The global executing context 'this' references the global object (outside of a function or object). Also referred to as the window. Functions, function expressions, variables declared at the global scope and with 'var' inside a function become part of the window object, automatically, implicitly. Any variable declared without let, const or var will also be available globally. As a warning setting variables with 'var' is not recommended as it can lead to Name Collision. When different parts of your code, that are interconnected and are using variables of the same name( the names of these variable collide ). Leading to weird and unpredictable behavior.
The window object can be referenced with 'this' or 'window' outside of a object or function. Within an object or method the window can be accessed with 'window'. In a function or function expression that doesn't have an object to the left of it, references 'this' as the window. Inside of our friend the arrow functions 'this' always references the window object. These edge cases keep showing up which make it difficult to grasp the logic. So be careful.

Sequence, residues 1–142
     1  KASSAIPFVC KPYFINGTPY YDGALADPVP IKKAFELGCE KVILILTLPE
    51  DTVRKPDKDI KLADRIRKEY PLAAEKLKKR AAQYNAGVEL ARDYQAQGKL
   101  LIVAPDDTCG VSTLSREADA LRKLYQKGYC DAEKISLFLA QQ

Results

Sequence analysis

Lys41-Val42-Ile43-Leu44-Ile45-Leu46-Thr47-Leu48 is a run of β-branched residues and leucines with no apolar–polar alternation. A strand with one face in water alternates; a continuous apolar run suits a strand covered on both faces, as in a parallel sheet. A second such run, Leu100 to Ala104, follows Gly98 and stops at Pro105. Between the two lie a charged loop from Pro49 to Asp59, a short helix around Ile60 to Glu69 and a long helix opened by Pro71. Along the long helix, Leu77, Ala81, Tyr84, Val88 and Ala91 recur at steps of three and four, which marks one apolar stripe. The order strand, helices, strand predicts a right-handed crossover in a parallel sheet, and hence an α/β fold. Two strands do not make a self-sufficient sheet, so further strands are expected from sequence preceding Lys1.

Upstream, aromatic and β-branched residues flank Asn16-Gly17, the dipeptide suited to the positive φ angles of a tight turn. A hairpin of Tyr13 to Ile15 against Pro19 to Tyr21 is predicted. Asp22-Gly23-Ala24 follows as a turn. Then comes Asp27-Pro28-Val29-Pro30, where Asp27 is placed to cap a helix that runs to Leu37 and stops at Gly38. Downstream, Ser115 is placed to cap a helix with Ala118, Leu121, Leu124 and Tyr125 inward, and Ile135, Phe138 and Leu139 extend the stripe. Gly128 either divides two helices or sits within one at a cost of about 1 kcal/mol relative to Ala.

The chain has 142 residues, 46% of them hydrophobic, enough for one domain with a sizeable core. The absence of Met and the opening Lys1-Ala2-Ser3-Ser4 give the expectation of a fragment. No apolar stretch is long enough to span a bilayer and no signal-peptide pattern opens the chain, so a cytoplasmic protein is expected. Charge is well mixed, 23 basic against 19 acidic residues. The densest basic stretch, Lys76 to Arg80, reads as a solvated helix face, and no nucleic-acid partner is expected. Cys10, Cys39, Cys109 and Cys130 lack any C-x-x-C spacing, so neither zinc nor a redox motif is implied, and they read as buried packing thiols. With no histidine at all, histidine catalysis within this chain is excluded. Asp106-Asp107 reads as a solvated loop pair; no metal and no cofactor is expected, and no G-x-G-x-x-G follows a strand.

Local context references 'this' as the object or function that it is called in. 'This' declared inside a function or class constructor by using this dot notation( this.variable = "YO" ), sets the variable to the local 'this', explicitly pointing to the object. 'This' can reference an object key with this dot notation( this.key ), will equal the value of the key referenced in that object. Objects implicitly set key value pairs to 'this', allowing methods access to the properties of the object.
The context of 'this' can be passed down into an inner function, by setting 'this' to a new variable( let _this = this ). Now '_this' can be accessed by the inner function as a reference to the 'this' of the outer function. The reverse can't be said, the 'this' of an inner function cannot be accessed by an outer function or the window object.